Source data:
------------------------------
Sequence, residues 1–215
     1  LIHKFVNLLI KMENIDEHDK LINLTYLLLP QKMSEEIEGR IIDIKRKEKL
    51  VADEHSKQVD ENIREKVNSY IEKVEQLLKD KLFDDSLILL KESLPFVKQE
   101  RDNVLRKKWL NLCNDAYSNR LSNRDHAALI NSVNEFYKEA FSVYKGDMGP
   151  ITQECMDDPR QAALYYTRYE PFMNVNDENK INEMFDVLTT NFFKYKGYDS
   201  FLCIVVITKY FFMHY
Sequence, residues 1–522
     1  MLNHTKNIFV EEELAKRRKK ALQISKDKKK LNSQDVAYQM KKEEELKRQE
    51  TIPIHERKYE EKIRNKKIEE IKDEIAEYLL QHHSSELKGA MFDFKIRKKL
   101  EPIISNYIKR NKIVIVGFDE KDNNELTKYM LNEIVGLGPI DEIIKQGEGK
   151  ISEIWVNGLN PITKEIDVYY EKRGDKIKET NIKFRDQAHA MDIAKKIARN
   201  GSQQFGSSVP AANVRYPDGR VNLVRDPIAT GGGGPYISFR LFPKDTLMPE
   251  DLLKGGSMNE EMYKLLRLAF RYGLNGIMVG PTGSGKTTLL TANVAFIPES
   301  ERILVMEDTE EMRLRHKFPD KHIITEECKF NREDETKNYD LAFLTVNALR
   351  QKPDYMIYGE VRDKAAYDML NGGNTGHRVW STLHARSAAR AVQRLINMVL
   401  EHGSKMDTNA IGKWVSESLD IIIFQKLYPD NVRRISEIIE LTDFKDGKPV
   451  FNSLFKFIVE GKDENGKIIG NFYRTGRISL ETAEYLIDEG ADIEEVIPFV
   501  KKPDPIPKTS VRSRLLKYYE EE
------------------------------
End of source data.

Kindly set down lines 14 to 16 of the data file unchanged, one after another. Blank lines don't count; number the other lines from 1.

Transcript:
   301  ERILVMEDTE EMRLRHKFPD KHIITEECKF NREDETKNYD LAFLTVNALR
   351  QKPDYMIYGE VRDKAAYDML NGGNTGHRVW STLHARSAAR AVQRLINMVL
   401  EHGSKMDTNA IGKWVSESLD IIIFQKLYPD NVRRISEIIE LTDFKDGKPV